By Michael Cannon
When you peel the onion back on why your marketing team is failing you,
what you find is that the issues are focused primarily on four categories of marketing content:
- Customer-facing collateral (company website, brochures, videos, etc.)
- Demand generation (advertising, events, etc.)
- Internal-facing sales tools (competitive analysis, sales opportunity overviews, etc.)
- Sales support training (product, competitive, sales enablement, etc.)
When you peel down to another layer, what you see is that it’s rarely the content that’s the problem but rather the messaging in the content — or more specifically, the lack of effective messaging. The messaging is focused mostly on what your product does and includes, and how it works, instead of being focused on why your product is the best way to help your customers achieve their business objectives. It’s primarily descriptive, and not persuasive.
Proof that most customer communication (content and sales conversations) is ineffective can be seen in over a decade of research reports and is summarized in the following benchmark data:
- Over 50% of your marketing and sales communications aren’t relevant to your customer
- More than 70% of your marketing content isn’t relevant to your sales teams
Just for a moment, consider these data points and the cost burden they place on your P&L. Even if your organization is 10% to 20% better than the average, the cost is too high, and avoidable.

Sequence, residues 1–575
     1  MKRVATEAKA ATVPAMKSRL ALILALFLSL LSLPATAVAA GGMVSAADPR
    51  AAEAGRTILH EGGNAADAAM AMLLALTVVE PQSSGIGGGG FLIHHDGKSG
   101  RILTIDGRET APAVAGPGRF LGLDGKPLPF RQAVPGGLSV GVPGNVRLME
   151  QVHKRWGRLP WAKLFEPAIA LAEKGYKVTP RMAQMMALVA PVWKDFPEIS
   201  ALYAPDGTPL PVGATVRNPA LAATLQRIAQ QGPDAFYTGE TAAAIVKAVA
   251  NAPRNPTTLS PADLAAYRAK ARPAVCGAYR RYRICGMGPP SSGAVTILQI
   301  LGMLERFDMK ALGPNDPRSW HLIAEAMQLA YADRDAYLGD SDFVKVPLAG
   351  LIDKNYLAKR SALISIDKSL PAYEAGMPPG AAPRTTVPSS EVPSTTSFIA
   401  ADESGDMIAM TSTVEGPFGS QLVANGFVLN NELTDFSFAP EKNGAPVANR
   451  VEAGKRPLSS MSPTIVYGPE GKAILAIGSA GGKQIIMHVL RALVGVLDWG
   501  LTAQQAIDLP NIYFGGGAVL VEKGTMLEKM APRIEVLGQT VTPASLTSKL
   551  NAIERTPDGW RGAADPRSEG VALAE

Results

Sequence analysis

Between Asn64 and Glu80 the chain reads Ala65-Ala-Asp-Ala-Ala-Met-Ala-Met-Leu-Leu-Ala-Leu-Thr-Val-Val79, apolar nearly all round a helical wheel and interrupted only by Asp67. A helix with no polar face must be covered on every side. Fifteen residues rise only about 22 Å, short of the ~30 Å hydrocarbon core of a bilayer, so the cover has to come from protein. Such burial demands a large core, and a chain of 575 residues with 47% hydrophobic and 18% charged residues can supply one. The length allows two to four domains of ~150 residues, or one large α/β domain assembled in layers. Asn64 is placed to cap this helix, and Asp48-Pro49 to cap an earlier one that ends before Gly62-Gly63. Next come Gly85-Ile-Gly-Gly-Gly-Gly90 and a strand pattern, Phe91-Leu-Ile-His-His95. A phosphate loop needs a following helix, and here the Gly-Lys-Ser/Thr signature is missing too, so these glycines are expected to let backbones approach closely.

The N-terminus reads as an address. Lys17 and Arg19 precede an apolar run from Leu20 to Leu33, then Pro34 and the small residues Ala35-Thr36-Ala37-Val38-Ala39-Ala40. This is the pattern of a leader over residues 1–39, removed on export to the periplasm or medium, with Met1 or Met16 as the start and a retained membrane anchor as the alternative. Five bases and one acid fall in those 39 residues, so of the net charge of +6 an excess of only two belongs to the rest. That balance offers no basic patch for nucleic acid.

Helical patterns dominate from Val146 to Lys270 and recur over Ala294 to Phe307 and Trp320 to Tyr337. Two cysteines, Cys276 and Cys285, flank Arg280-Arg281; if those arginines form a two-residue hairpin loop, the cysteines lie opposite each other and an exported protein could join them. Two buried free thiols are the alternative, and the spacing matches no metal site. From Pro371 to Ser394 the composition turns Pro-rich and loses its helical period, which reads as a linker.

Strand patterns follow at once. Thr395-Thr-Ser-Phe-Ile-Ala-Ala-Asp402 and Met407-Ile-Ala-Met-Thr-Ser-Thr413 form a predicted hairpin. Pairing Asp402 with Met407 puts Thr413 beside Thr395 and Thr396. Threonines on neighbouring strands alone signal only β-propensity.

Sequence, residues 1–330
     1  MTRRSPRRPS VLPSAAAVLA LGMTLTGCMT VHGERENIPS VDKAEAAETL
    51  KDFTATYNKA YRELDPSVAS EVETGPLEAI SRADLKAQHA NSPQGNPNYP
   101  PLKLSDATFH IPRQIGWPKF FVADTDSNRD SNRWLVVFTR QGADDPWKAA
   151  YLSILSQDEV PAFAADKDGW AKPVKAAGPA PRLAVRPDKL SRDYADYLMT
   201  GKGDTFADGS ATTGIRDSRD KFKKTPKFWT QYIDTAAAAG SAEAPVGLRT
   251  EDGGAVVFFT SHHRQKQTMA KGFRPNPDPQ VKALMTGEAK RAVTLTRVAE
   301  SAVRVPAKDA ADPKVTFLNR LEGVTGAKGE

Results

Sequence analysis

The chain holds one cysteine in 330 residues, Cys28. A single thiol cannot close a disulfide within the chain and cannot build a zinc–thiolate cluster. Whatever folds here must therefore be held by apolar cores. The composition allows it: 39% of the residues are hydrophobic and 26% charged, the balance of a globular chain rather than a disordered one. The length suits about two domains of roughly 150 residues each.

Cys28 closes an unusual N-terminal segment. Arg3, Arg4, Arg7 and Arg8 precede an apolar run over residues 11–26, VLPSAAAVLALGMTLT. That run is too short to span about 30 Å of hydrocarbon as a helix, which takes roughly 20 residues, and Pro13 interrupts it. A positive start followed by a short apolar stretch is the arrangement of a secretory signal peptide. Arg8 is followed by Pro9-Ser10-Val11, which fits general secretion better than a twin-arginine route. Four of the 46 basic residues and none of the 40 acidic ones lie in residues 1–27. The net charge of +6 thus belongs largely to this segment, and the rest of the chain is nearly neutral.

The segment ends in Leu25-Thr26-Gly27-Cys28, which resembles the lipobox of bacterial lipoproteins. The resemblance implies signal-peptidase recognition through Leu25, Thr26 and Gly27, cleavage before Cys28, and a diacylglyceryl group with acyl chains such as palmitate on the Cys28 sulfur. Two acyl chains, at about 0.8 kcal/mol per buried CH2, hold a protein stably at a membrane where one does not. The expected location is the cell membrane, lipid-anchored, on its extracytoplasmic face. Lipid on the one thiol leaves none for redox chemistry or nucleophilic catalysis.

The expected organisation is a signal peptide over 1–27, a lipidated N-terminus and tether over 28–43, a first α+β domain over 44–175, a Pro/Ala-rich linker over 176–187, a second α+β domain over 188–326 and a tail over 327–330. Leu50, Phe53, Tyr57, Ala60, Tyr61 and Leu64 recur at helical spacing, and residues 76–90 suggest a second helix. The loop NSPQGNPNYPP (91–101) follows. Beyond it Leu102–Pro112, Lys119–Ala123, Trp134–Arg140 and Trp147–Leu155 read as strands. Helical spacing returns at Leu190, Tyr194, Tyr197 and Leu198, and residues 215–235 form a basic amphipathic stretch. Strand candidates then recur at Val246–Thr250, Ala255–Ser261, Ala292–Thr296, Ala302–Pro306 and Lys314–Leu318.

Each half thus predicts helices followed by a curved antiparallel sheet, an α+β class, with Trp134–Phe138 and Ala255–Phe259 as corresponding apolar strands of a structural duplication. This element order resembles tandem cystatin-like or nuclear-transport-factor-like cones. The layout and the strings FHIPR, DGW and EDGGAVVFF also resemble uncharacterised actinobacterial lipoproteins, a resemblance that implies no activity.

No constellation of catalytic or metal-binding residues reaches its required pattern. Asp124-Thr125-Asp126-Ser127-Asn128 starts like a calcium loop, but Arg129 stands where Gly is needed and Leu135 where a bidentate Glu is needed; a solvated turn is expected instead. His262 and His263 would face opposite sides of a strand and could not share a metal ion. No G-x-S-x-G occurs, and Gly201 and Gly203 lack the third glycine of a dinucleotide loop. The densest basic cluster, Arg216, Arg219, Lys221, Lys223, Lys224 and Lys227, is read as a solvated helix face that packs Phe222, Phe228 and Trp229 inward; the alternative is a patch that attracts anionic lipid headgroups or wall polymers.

Top 10 Reasons Why Marketing Is Failing
When you peel the onion back yet another layer and ask, ”Why is it that most of the messaging in Marketing’s content is not relevant or useful?”, the following items emerge:
- Poor visibility into the true cost of ineffective customer communication
- Lack of clear differentiation among messaging, content, and conversations
- Inaccurate model of the categories, styles, and types of messaging required for market success
- Misguided priority setting
- Erroneous business model for allocating sales and marketing resources
- Ineffective new-product development process or commercialization process
- Lack of method and skills to create persuasive messaging
- Poor alignment around the definition, rating, hand-off, follow-up, and reporting of leads
- Limited sales experience
- Lack of a formal feedback loop from Sales, a.k.a. content usage and rating system, to understand what is working, what is not, and “why?”
An additional reason is that executive leadership manages Marketing primarily on the quantity of content produced rather than the effectiveness of the content.
For a description of the first nine reasons and their solutions, read “9 Strategies to Increase Marketing Effectiveness”
A sales portal with basic content-management functionality resolves reason #10.
What do you think is the best way to change how executive leadership manages the marketing function?
What’s on your top 10 list?